Monday, December 11, 2006

BP's Lord John Browne: Guilty Of Shameful Neglect

Poor Lord John Browne. You gotta feel sorry for him. Here he is "peer of the realm, a captain of industry, a lover of fine cigars and a wealthy man" but, as the Guardian says, his biographers will directly associate him with
one of the most shameful cases of neglect in the history of British business -
the Texas City refinery disaster.
All because 15 workers were killed and 180 injured on his watch.

And, according to the Guardian, "on his watch" is more than a figurative term. According to company documents, Lord Browne was specifically monitoring safety conditions at the BP refinery before the explosion occurred. According to a message written by Texas City's learning and development manager, Dennis Link,
"We have 18 BP refineries in the world. Lord Browne looks at monthly data for 17 of 18 refineries all together. He looks at TCR [Texas City refinery] data separately each and every month!
This was one of the documents released as a result of a settlement with BP by Eva Rowe, both of whose parents were killed in the Texas City explosion.

The Guardian doesn't have many nice things to say about BP or Browne:
Accidents can happen at the best of companies. But documents prised out of BP by bereaved families' lawyers show just how ashamed we should be of Britain's largest enterprise.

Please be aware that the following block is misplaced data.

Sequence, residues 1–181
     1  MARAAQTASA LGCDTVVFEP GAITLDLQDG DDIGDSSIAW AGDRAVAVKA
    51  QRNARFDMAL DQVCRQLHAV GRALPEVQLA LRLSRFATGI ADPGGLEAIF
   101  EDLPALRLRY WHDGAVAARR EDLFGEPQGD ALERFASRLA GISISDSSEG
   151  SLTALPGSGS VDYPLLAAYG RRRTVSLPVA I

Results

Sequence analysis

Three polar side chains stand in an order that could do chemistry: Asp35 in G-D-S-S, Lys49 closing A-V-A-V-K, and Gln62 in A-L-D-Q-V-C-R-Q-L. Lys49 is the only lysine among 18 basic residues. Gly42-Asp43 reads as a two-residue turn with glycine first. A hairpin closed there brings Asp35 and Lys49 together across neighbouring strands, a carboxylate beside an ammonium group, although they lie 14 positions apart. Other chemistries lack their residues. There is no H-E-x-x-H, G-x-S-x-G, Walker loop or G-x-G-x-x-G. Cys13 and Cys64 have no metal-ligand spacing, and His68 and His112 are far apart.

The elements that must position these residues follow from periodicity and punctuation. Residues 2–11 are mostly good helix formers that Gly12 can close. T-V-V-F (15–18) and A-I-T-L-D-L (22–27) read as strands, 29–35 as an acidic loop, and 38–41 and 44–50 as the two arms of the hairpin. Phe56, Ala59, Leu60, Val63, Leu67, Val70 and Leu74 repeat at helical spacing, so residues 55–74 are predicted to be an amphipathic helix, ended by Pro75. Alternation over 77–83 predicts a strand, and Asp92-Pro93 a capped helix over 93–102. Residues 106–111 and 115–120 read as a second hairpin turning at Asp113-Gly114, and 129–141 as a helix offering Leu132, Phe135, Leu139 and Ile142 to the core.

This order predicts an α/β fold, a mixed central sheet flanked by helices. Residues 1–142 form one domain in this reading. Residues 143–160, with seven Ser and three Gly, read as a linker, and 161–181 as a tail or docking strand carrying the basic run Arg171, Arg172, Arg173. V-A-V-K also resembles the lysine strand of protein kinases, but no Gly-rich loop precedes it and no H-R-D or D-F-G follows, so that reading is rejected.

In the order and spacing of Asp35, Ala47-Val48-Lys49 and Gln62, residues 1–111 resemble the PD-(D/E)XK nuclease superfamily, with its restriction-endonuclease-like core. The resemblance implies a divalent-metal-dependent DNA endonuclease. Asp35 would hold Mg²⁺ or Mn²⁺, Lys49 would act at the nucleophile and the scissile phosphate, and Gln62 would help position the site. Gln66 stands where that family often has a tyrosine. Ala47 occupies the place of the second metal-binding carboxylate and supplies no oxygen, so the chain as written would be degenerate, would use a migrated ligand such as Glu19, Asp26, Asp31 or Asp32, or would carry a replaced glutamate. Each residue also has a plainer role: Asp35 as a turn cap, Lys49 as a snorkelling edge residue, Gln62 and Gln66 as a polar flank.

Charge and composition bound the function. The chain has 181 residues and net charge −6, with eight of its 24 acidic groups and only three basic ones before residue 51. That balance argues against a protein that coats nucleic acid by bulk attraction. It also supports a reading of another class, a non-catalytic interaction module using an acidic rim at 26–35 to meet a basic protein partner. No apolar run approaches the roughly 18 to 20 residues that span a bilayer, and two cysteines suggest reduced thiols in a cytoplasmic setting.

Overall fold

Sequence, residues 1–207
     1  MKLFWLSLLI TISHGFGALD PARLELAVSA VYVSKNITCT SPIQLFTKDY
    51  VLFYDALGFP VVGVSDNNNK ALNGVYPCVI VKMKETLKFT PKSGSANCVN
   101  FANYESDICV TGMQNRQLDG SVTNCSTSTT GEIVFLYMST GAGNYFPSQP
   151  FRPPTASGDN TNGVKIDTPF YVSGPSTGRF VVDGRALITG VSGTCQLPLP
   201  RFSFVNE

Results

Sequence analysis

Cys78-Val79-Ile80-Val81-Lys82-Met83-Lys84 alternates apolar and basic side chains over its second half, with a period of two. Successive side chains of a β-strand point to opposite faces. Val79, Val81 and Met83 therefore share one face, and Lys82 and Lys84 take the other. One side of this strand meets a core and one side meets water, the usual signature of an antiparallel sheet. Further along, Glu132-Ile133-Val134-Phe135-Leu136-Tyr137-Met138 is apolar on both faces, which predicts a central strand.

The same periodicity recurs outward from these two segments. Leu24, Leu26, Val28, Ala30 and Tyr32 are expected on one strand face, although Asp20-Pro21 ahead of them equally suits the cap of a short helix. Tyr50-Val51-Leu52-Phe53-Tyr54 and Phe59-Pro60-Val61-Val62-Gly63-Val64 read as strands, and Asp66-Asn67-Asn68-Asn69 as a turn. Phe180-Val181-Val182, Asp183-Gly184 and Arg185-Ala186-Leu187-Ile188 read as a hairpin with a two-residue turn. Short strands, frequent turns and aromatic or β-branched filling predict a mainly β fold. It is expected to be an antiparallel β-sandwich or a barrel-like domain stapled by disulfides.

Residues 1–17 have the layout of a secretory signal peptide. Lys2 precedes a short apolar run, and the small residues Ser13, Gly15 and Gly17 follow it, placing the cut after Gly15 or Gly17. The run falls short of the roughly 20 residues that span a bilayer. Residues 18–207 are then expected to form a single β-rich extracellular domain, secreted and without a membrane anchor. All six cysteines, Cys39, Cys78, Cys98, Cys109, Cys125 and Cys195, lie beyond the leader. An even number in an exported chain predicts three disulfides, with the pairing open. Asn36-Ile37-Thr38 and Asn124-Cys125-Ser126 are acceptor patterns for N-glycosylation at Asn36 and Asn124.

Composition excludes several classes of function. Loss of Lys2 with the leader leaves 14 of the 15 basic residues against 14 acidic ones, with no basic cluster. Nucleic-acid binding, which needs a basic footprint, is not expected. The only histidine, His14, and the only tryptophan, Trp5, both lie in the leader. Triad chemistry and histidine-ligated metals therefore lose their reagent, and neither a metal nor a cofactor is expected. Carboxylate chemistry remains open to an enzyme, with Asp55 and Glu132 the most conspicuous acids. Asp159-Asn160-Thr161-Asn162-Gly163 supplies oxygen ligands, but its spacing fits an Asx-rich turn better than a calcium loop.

There had been 23 deaths at the plant in 30 years. The local fire brigade says there were 50 infernoes a year - one a week.

The blowdown drum that exploded had been involved in eight previous scares.

The refinery's director, Don Parus, felt the place was patched up with "Band Aids and super glue". He told a confidential safety commission before the accident that "killing somebody every 18 months seems to be acceptable at this site" and wondered why his staff turned up for work: "Why would people take the risk, based on the risk of not going home?"

The US Chemical Safety Board has accused BP of a "cheque book mentality" towards safety. Texas City made profits for the company of nearly $1bn annually. Yet BP ordered local managers to slash costs by 25%.

The training budget at Texas City was reduced virtually to nothing. There was no money for a new emergency response system, which BP's fire manager insisted was needed.
The Guardian seems to think that Browne's £3.3m Chief Executive salary last year means that he has "a duty of care to his employees."

I'd say he should have the same duty if he were only paid 1/3 that amout.